Edible Flowers of Spring

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What is crunchy and tastes like a bean yet is exotically big and colorful?  Is there something of many hues with a bite like black pepper?  Can something pink smell and taste like cloves?  What is purple but reminds your taste buds of licorice?  How can something soft and blue taste like cucumbers?  These are all edible flowers – and they will change your cooking.

Its spring here in the mid-Atlantic and flowers are starting to show up in our meals.  Let’s take a look at the edible flowers of spring and some of the wonderful things you can cook up with them. 

Apple and Crabapple Blossoms — Malus spp.

The flavor is slightly floral.  We use them in salads, ice cream, and to garnish sweet dishes.

Dandelion — Taraxacum officinale

These can vary from bitter to earthy in taste, they are better picked in the bud stage or very early bloom.  We like the very young buds fried in butter, or you can make fritters from the petals when they first open.

Lilac — Syringa vulgaris

The petals have a slight floral taste and are pretty added to soft cheeses and to garnish sweet dishes.

Redbud — Cercis canadensis

The small buds or flowers have a flavor that is a cross between green beans and a tart apple.  You can pickle them in vinegar or use the flowers in fritters.  We like them tossed in salads or with cooked vegetables.

Garden Pea flowers — Pisum sativum

The taste of pea flowers ranges, by variety, from grassy to beany to floral.  We like them on appetizers and in salads.  CAUTION:  Sweet pea flowers (the decorative plant) are extremely poisonous.  Only eat the flowers of garden peas such as English peas, Sugar Snap peas, and snow peas.

Strawberry flowers — Fragaria spp.

These tiny flowers have a mild flavor that is good tossed in salads and looks pretty as a garnish.  You can use the flowers of wild or cultivated strawberries.

Tulips — Tulipia

The petals have a sweet, pea-like flavor with a tender-crisp texture much like lettuce.  They are beautiful as a salad base, in tea sandwiches, dipped in savory dips, or used as a cup for stuffing with chicken or shrimp salad.  Remove the pollen and stamens when using whole.  CAUTION:  a very few people are allergic – start with a small taste and look for numb hands or an upset stomach.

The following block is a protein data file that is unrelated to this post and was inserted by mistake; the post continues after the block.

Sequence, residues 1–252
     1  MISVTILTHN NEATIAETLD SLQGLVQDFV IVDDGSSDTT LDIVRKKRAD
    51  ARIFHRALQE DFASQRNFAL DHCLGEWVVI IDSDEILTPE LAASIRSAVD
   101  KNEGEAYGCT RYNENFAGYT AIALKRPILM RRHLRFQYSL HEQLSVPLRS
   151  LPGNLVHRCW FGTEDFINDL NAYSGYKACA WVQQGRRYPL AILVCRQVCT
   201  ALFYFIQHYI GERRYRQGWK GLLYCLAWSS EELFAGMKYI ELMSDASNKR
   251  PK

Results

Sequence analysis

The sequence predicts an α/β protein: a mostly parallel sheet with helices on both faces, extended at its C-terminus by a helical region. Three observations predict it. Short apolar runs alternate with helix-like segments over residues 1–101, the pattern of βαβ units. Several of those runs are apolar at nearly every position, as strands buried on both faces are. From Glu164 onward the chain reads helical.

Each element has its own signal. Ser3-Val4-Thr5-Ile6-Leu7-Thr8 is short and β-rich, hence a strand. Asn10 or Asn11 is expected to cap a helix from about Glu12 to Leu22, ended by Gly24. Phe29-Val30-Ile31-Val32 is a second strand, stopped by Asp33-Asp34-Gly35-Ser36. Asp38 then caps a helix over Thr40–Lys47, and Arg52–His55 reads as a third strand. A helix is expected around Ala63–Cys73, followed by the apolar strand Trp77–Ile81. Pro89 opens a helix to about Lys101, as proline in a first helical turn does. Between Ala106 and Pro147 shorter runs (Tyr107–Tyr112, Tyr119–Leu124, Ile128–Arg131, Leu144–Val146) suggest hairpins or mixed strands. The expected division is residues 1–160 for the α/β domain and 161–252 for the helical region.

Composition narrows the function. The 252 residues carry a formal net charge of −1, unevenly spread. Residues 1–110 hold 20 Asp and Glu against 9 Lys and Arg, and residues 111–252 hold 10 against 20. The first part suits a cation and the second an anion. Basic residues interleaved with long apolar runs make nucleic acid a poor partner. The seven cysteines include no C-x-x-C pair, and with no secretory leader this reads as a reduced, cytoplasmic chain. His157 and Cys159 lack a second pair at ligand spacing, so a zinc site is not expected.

Violets — Viola odorata

A strong, sweet floral taste comes from these petals which are wonderful candied or plain on top of desserts, fruit salads, or in tea sandwiches.  You can also freeze them in ice cubes to float in drinks.

What do all these wonderful flowers look like on your plate? 

The vibrant colors of spring flowers liven up your plated vegetables and salads to bring a smile to your lips, and unexpected tastes to your palate.  The flowers and buds are a delight to pick, and a pleasure to serve to your family and guests.  Mix petals confetti with spring peas and roasted radishes.  Candy violets to top a coconut cake.  Toss some redbud flowers into a salad for a citrusy bite.  Try red and yellow tulips nestled into each other to make stunning taco salads as in the recipe below,

Tulip Taco Salads

  • 2 large tulips per individual salad plate
  • Shredded cheddar cheese
  • Grape tomatoes, halved
  • Taco meat mix (browned ground beef, taco seasoning, kidney beans)
  • Tortilla chips
  • Lettuce leaves

Taco Dressing – blend the following:

  • 1/4 cup mayonnaise
  • 1/4 cup apple cider vinegar
  • Scant 1/2 cup ketchup
  • Scant 1/2 cup sugar
  • 1/2 cup vegetable oil
  • 2 tsp. Worcestershire sauce

Prepare a bed of lettuce on each plate.   Remove the pollen and stamens from the tulips.  Cup two flowers together, offsetting the petals so all the colors show.  Set the flowers on the beds of lettuce.  Fill with taco meat mix.  Top with shredded cheddar cheese and halved grape tomatoes.  Surround with tortilla chips.  Drizzle with dressing.  A fiesta on a plate!

For more edible flower ideas and recipes, go to Bouquet Banquet.

Mother Earth Gardener
Mother Earth Gardener
Expert advice on all aspects of growing.